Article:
Burial Ground



My momma told to never be afraid of anything, but two things

El cucuy and sometimes her chancla.

I was raised in a ear pulling, frijole smelling, cumbia playing

Weekend type of household.

So I wasn’t long before I picked up the moves

And learned how to avoid my ears from being yanked


It wasn’t abuse, just tough love.


But when I realized I wasn’t like my ma or pa.

My attitude mixed with theirs.

My views a blurred image to them.

I was too outspoken for them

So when they learned that my tongue was sharp,

They decided to file it back down.

As I begin to lose myself in the shadow of them,

My voice became a weak echo in their minds.


It only took me a couple of months to hide my culture.

Buried it in the throats of those whose accents was too thick to cut.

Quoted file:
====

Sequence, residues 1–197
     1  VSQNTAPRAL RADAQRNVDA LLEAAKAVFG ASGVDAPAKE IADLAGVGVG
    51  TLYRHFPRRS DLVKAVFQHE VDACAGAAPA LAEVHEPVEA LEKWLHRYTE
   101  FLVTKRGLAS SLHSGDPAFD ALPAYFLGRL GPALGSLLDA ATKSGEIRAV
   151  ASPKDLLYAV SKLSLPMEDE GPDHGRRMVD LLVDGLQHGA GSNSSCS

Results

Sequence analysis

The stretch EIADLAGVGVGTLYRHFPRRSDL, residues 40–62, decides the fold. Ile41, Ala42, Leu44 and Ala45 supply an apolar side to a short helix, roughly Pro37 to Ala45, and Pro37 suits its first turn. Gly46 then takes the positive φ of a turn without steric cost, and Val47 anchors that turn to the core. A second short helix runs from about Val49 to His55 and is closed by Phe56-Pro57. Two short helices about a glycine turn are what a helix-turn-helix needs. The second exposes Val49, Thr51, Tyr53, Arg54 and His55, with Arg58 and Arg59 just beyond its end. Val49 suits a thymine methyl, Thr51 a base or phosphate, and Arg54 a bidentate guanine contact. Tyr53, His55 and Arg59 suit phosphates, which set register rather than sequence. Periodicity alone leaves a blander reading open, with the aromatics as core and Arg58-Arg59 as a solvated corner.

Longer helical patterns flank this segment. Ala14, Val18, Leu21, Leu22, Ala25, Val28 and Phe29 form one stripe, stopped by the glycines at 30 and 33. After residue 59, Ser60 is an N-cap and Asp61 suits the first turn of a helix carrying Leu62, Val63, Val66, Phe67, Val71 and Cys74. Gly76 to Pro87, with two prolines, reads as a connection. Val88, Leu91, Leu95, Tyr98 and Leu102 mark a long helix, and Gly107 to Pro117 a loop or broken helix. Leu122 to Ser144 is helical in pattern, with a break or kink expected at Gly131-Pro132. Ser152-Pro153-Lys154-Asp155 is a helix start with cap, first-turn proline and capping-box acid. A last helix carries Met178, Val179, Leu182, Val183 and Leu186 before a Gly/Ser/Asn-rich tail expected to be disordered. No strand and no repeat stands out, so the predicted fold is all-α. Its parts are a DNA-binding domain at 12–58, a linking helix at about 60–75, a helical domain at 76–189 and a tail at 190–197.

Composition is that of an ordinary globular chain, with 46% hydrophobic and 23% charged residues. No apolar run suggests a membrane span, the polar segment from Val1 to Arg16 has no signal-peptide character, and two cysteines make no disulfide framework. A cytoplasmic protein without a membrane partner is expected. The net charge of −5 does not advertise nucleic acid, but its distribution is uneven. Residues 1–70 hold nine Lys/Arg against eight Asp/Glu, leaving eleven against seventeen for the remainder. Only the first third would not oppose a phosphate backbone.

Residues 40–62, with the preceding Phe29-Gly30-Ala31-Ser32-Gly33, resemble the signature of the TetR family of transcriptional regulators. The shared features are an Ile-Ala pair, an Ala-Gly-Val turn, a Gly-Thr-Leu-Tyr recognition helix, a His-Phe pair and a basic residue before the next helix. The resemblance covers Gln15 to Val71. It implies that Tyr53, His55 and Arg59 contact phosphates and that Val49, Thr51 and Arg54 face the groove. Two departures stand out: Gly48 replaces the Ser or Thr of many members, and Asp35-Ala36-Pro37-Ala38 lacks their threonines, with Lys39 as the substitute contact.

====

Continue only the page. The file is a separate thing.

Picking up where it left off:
Buried it in the hands of abuelas and tias whose hands

Were burned from flipping tortillas

Buried it in the soil that abuelos and tios dug and dug up to hide

The pain they were actually in from the never ending days.

But my culture was too powerful to hide.


So when I spoke a certain word, an accent would play out

Like matachines stomping the ground, making a rhythm that

made their bodies ring.


When my skin would transform, just like momma’s.

Rich and brown.

I knew to never push my culture down.


When music would play and my feet, legs, and hips started to move

With no help from me.

I knew burying my culture was a pot of mixed emotions and regret.


And although to some I still might be too American

Too much.

Not Mexican enough.

I still wear my flag and pride on my back and no one can take that away from me.


- Naomy Hernandez-Meraz

This poem is about: 
My family
My community
My country


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